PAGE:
People are hungry to find ways to interact with their dogs that enrich both of their lives. Enrichment can be as simple as changing from point-to-point walking to strolling sniff-aris. Instead of being concerned with how far your dog is walked, become more attuned to what is in the walk for your dog. Often, we think of walks in terms of miles or minutes while our dogs may find smells and sounds most intriguing.

What ongoing or future canine projects do you have planned? Are they personal (like cuddling your favorite pooch or volunteering at the local shelter) or professional (like selling articles, training, or conducting medical research)?

The future holds so many opportunities to share what I have learned and to learn from others! Currently, I have three main projects in mind, as well as continuing to nurture my Enrichment Games for High-Energy Dogs Facebook community.

Firstly, I will be speaking at the Pet Professional Guild of Australia Conference in June of 2024! I was thrilled to be asked as an international speaker and the topics they wanted me to speak about couldn’t be a better fit as I will be talking about both positive herding and enrichment!

My second project is launching an online course about enrichment games. The course will cover the first games in the book, the Green Grass Games, as well as some flirt pole* gameplay. I am excited about the gaming elements that will be incorporated into this course such as earning points for completing tasks, choosing minimum, target, and stretch goals, as well as having “Easter egg” and completion celebrations along the way.

(*A piece of exercise equipment that entices a dog to chase a fast-moving lure.)

I hosted my first Dog Enrichment Summit in March of 2024 and may put together another summit in 2025. The goal of the summit was to find and introduce thought leaders in the canine enrichment field to people searching for new enrichment ideas. Through personal interviews, summit presenters covered innovative and often inexpensive enrichment activities as well as more academic topics such as the role of agency or freedom of choice as enrichment for dogs and the 5 keys to enrichment.

I also am concerned with balancing my future projects versus time with my family and my dogs, Qwest and Sir. It is easy to get caught up trying to help other people live their best lives and neglect living my best life with my family and dogs.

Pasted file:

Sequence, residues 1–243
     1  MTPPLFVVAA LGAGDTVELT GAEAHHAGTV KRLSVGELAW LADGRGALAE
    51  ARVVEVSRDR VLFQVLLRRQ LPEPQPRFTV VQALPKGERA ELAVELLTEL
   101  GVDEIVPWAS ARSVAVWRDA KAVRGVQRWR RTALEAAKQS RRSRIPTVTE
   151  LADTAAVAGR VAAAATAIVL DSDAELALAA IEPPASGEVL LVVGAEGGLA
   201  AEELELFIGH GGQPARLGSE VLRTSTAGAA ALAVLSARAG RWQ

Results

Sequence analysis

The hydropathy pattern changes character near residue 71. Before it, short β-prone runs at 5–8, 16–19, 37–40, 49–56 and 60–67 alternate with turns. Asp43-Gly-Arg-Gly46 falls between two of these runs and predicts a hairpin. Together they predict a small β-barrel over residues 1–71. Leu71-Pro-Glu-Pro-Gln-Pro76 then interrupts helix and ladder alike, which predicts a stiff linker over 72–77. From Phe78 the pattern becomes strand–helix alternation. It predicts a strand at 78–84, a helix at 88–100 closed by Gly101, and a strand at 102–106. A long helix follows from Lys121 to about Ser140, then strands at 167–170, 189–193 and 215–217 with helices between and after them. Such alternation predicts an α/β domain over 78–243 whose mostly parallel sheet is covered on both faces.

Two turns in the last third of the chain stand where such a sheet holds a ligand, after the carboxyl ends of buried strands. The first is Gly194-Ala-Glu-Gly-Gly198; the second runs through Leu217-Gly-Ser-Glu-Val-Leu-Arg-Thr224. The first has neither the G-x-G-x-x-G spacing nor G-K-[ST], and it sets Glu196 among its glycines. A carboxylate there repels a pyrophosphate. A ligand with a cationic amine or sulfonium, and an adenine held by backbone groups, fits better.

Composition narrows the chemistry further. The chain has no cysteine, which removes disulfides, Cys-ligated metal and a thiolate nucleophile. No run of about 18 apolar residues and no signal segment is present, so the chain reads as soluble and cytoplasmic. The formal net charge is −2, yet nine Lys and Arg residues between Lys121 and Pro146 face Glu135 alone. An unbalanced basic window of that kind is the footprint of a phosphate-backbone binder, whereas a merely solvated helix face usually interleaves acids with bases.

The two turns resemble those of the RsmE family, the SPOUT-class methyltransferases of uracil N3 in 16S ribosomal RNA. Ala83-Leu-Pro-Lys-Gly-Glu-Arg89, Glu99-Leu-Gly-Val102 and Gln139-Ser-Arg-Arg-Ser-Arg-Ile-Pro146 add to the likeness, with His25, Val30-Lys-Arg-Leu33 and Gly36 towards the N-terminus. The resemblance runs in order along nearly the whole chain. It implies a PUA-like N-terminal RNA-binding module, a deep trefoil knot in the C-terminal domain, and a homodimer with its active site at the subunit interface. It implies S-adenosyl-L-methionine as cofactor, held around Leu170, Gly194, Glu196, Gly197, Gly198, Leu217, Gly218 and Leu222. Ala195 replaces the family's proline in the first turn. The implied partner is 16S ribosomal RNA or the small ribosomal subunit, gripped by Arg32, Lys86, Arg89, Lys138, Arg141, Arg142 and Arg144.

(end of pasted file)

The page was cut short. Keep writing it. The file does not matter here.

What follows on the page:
What would you recommend to those peers who wish to enter your winning category in next year’s contest?

My advice for entering the Books – Behavior, Health, or General category of the DWAA Writers Contest would be to produce the book that conveys your message in your way. Of course, you want high quality writing, editing, and formatting, but write your book!  Not the book you think people will buy, although you definitely need to identify your potential book buyer, nor about the subject that you think will sell, unless that is a topic close to your heart.

Instead, think of your book as your legacy. How would you like to be remembered as a person and a dog guardian? Not everyone will like what you write and you might not have a bestseller, but the words in your book will live on long after you are gone. Make them count!

To conclude this interview, what thoughts from the heart would you like to share?

In dog training and in life, I see people sweating mistakes: “I shouldn’t have done this.” “Why didn’t I do that?” “How could I have been so stupid?” Or lamenting their dog’s mistakes or imperfect training. My dog knows better. Why won’t they listen, stop, stay down, come back, be quiet, settle, do what I ask, stay out of the garbage, quit barking, stop begging, be more friendly, be less friendly.…?

Life is full of mistakes and imperfections. Even the happiest and most successful people struggle at times. Accept and learn from your mistakes and missteps and trust that your dog is doing the best they can too. In the long run, you won’t remember the times your dog jumped on visitors or failed to sit when cued. You will remember the fun, love, happiness, joy, poignant and sad times you shared with your dog. When your dog is gone, you will look back and long to trade the silence for one more imperfect memory.

Featured Image: Barbara with Qwest, sitting and Gold, lying down.

FB Groups: Enrichment Games for High-Energy Dogs & Positive Herding Dog
Websites: &
Opt-ins: &